Squarespace has a limited choice of templates but they are all nicely designed and are easily customizable. You can take the tour of their design on their site which are organized by type such as restaurants, photographers, musicians and so on. If you see something close to your liking then it’s likely you can tweak it enough to achieve your desired design. Even though there is less choice, at least you know every choice will work. You won’t waste time weeding through a load of junk. 

With either Squarespace or WordPress you can always hire a web designer to help you build your site if you need something very custom. If your site requires very specific design and features then neither Squarespace or WordPress is the right choice. 

Setting up your site

Getting your site up and running with Squarespace is very simple with a few caveats. Sqaurespace provides the hosting so you don’t need to find a separate hosting vendor. Squarespace will provide a custom domain name with the annual subscription but if you already have your domain name registered then you point your domain to your Squarespace site using domain mapping. Squarespace can provide a custom email through their integration with Google's G suite service. G suite is $5 per month per user including 30GB of Google Drive online storage. You can also migrate a current custom email address to G Suite if you desire. Alternately, your domain registrar might provide email or you can use a service such as Yahoo Business Email or Office 365. In short, Squarespace is easy to get started with if you are not already tied to a domain name and custom email address. If you already have a custom email address and domain name, you have a few options and technical hurdles to overcome.  

Using WordPress and a custom template means you are likely dealing with three to four entities to manage your site. You will need your own hosting and custom domain name as well as your email address. This might be provided by one or three companies. WordPress is free and your hosting company will likely have simple instructions to install. Then you just need to install the custom template onto your WordPress site. This process isn’t terribly difficult but the problem becomes what to do when something is wrong and you’re not sure who is to blame. For example, if you site loads slow, is it your hosting, something wrong with your template, or possibly a rogue plugin?  

Ease of use

This is where Squarespace and WordPress really part ways. I really can’t oversell how easy it is to design a site using Squarespace. In fact, ease of use is so obviously and clearly the main goal of Squarespace and it shows. Everything is clearly laid out and explained. Plus you can see the changes you make to your site as quickly as you make them. Squarespace help provides useful videos guiding you through the process.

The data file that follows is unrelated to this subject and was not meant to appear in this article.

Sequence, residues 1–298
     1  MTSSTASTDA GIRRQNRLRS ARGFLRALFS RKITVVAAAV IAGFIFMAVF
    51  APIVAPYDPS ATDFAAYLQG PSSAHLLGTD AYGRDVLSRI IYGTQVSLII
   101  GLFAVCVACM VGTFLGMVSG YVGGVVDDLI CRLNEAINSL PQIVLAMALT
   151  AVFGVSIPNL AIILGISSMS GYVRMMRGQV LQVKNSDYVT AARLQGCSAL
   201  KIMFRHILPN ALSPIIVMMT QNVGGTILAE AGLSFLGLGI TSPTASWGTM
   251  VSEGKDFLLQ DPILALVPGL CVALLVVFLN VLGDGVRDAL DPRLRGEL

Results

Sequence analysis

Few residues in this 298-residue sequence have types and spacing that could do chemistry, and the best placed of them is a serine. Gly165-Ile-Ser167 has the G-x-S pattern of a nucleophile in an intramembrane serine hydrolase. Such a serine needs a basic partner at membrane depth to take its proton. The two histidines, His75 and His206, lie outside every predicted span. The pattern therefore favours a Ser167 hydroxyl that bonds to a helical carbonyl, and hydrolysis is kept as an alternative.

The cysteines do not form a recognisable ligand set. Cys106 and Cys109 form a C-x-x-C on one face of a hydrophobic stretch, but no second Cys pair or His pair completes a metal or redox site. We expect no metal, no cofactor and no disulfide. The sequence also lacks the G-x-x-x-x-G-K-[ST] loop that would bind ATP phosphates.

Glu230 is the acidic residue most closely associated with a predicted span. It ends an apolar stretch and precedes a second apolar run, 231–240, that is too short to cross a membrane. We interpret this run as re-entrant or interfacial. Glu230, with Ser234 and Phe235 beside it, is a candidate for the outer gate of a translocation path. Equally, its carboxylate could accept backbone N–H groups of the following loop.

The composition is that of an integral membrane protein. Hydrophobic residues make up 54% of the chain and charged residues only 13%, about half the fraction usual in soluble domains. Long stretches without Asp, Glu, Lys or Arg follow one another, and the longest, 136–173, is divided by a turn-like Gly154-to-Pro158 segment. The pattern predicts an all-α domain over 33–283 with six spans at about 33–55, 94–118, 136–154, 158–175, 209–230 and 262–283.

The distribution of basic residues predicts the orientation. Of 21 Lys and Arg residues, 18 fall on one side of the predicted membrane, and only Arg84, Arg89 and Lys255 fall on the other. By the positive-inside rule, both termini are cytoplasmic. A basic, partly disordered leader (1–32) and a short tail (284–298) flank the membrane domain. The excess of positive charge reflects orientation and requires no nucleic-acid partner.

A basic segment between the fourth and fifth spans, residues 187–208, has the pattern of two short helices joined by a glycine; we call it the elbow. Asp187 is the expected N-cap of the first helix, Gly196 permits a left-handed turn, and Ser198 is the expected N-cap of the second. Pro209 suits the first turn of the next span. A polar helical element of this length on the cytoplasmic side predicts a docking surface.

WordPress is a Frankenstein nightmare. When you install a template with WordPress you will see the template and all it’s options. The problem now is that some of your content will be managed by the basic WordPress options and some by the template. For example, since I was using a photographers portfolio template I had the option to load a gallery of images via the templates gallery feature. However, images that went into blog post were added via the WordPress images library. All blog post are added via the basic WordPress editor but the look and style of the blog page is edited via the template. WordPress also has something called widgets which mostly add content to the sides of your design. Widgets are a part of the basic WordPress install but may be utilized by the template. I was always looking through all the editing options trying to find where to edit some part of my site before I remembered it was a widget. Fonts are not edited globally through your site so you will have to copy and paste styles from one area to the next. For example you can not easily set your headers and menu to the same color without a series of steps. 

Plugins are another option in WordPress. Most seemed to geared toward improving your site’s SEO but their are also social network plugins, analytics, and really anything you can imagine. They of course come with yet more options.

I could go on but I’ll stop there as I think I’ve made my point. I suppose you could argue that WordPress is giving you the most options to build your site and get exactly what you want. In practice, I found this was not true because there are too many pieces of the puzzle to make it all fit. I wasted so much time trying to find a good template, then constantly trying to find where certain parts of the site were edited, and installing and deleting plugins. It’s just not worth it. Sure you could bump up against the limits of the Squarespace editor and it doesn’t offer any third party plugins but the loss of options can be freeing.